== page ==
Thursday, March 15, 2007

DOM innerHTML vs appendChild

There's a lot of debate on whether to use innerHTML or to add in HTML elements using DOM methods. Personally I prefer to use innerHTML because it is easier to use. innerHTML is said to be faster as well.

For comparison, I have develop 2 functions to create a table with 100 rows and 5 columns.

1) An array is use to built the Table HTML string. Then it is appended into innerHTML of a div "content".

function init(){
var ihtml = "<table id='mytable'>";
for(var i=1; i<=100; i++){
ihtml += "<tr id='row" + i + "'>";
for(var j=1; j<=5; j++){
ihtml += "<td id='col" + i + "_" + j + "'>" + i +

"_" + j + "</td>";
}
ihtml += "</tr>";
}
ihtml += "</html>";
document.getElementById("content").innerHTML = ihtml;
}


2) A DOM table is built and append into the div "content".

function init(){
var table=document.createElement("table");
table.setAttribute("id", "mytable");
for(var i=1; i<=100; i++){
var tr = document.createElement("tr");
tr.setAttribute("id", "row" + i);
for(var j=1; j<=5; j++){
var td = document.createElement("td");
td.setAttribute("id", "col" + i + "_" + j);
td.appendChild(document.createTextNode(i + "_" + j))
tr.appendChild(td);
}
table.appendChild(tr);
}
document.getElementById("content").appendChild(table)
}


I use Firebug profile to time the function. So what the performance result difference should I expect?




function 1(innerHTML)function 2
Average Time60 ms130 ms


Both function manage to execute in miliseconds. But, function 1 (innerHTML) is two time faster the DOM methods. I have increase it to 1000 rows and the result is the same, innerHTML is twice as fast. As a conclusion, innerHTML is much faster for more complex/larger DOM manipulation.

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7 comments:

Tommy Valand said...

Have you tried using a DocumentFragment to increase performance when using the DOM to create nodes?

http://beta.oreillynet.com/pub/a/javascript/2003/05/06/dannygoodman.html?page=2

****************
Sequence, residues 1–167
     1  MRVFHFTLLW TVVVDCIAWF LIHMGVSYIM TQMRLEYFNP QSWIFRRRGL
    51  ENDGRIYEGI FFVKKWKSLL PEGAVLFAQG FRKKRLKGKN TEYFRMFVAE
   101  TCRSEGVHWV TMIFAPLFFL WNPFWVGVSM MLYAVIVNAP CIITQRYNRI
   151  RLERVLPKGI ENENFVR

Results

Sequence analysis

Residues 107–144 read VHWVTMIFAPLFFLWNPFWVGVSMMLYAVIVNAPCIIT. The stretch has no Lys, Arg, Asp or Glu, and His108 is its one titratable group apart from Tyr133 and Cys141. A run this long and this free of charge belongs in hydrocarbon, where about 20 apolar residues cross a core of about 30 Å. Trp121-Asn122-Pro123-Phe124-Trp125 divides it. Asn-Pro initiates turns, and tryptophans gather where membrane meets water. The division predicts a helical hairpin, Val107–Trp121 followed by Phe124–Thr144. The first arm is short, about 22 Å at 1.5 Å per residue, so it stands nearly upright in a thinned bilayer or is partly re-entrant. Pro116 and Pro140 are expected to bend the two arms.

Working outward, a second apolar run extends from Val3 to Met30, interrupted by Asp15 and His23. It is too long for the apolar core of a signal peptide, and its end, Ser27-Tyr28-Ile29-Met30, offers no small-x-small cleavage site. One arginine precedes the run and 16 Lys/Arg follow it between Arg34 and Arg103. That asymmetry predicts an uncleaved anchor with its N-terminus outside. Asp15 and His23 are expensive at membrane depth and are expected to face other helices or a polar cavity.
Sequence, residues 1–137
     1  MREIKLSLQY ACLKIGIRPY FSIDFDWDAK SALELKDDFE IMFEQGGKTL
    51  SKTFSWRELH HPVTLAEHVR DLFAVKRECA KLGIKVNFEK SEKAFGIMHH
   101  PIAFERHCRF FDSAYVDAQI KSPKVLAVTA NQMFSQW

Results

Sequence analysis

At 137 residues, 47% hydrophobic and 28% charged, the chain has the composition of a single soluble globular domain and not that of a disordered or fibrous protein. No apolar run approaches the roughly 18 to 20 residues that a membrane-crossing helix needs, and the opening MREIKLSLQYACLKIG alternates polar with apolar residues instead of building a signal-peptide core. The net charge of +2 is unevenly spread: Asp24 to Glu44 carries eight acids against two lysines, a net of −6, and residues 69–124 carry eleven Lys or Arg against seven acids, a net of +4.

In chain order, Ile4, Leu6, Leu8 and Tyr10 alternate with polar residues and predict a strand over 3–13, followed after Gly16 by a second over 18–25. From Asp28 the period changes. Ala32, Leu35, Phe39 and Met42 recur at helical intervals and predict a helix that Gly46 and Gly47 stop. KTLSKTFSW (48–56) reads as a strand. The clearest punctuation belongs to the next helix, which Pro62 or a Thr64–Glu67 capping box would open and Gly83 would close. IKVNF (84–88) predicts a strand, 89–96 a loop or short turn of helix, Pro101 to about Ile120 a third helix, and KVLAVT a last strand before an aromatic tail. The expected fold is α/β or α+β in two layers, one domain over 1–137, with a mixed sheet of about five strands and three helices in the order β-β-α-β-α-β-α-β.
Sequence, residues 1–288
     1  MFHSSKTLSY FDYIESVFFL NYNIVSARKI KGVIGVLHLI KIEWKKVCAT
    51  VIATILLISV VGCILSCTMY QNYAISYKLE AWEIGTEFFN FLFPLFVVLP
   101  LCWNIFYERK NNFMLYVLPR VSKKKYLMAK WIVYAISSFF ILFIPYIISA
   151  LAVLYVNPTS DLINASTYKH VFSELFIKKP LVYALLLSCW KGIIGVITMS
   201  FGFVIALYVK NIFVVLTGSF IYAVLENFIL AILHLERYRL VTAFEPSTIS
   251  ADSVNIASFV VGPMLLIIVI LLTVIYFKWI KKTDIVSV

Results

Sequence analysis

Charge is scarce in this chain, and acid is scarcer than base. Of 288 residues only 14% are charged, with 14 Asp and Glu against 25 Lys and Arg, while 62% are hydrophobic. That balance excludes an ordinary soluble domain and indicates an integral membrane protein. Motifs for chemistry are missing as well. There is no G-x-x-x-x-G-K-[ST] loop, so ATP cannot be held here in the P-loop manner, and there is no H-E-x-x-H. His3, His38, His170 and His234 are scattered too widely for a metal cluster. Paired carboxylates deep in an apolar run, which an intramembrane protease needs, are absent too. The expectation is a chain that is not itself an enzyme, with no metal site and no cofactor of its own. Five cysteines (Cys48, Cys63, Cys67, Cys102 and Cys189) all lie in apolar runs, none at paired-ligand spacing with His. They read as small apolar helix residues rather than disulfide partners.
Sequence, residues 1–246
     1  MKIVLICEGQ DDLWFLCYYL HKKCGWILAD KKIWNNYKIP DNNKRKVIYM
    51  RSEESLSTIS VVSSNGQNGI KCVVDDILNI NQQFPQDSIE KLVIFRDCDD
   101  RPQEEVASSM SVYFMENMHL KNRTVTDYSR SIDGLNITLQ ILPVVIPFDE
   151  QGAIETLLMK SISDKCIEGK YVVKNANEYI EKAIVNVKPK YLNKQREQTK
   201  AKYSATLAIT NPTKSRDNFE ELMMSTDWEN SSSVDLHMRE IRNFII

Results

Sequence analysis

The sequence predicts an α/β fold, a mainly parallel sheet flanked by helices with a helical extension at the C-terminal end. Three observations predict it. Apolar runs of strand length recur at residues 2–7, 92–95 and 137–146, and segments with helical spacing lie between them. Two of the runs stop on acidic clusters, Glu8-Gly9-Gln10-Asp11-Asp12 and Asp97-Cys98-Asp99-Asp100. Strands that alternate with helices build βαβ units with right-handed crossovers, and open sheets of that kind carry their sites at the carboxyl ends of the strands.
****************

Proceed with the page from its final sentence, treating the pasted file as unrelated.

Tim Tripcony said...

Variations in browser implementations of the DOM also sometimes make innerHTML desirable: for example, I.E.'s support of getAttribute and setAttribute is generally pretty weak. The downside of innerHTML is that, if anything is set incorrectly, you can't easily debug where things went wrong; with the DOM, it'll tell you precisely what tag or attribute was handled incorrectly.

Mark said...

The performance of the innerHTML method can be further increased (approx. 10%) by using:

ihtml = ihtml + 'something';

instead of:

ihtml += 'something';

William Beh said...

@Tommy, I have tried using DocumentFragment. Yes, it is faster then using DOM to create nodes. From my test it lies somewhere in between innerHTML and DOM createElement & appending directly to the document.

@Tim, Yes you have to correctly code your HTML. But thanks to Firebug & IE Developer, you can inspect the DOM to check if there's anything wrong.

@Mark. ihtml = ihtml + 'something' definitely increase the performance slightly.

Thanks for the info guys.

Tommy Valand said...

If you concatenate the strings using an array, you could possibly get even better performance when dealing with a large amount of innerHTML.

..
arrHTML.push("<tr>")..
..

elem.innerHTML = arrHTML.join("")

See here for benchmark: http://www.quirksmode.org/dom/innerhtml.html

Rene said...

Another tip to speed up loops:

Reversing loop conditions so that they count down instead of up can double the speed of loops. Counting down to zero with the decrement operator (i--) is faster than counting up to a number of iterations with the increment operator (i++)

(much more info at http://www.devwebpro.com/devwebpro-39-20030514OptimizingJavaScriptforExecutionSpeed.html)

Afam said...

this is not an apples to apples comparison.

The first init function only creates a string through the for loop, and then calls innerHTML at the very end.

The second init function calls appendChild for each run through the for loop.

A more accurate comparison would call the innerHTML function through each iteration of the for loop.